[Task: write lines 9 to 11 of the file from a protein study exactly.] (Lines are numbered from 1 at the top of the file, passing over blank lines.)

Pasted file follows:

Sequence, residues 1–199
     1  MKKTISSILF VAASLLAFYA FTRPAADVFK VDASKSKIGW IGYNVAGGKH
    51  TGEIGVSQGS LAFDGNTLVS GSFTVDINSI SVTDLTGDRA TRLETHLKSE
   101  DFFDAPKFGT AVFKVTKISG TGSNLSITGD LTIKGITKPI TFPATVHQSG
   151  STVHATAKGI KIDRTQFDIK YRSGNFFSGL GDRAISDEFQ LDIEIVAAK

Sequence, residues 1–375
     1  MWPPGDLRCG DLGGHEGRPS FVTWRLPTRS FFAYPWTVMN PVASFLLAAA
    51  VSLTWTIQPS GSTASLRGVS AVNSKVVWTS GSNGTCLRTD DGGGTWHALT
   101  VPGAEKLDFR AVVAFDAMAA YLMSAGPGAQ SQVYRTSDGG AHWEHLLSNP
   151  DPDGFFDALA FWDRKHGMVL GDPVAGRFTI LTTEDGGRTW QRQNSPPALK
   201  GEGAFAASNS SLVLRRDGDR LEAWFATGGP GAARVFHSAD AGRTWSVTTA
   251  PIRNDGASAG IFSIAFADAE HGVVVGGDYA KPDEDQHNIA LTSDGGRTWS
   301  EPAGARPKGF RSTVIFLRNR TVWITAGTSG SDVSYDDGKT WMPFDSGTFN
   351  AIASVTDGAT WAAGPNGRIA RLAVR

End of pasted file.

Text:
   101  VPGAEKLDFR AVVAFDAMAA YLMSAGPGAQ SQVYRTSDGG AHWEHLLSNP
   151  DPDGFFDALA FWDRKHGMVL GDPVAGRFTI LTTEDGGRTW QRQNSPPALK
   201  GEGAFAASNS SLVLRRDGDR LEAWFATGGP GAARVFHSAD AGRTWSVTTA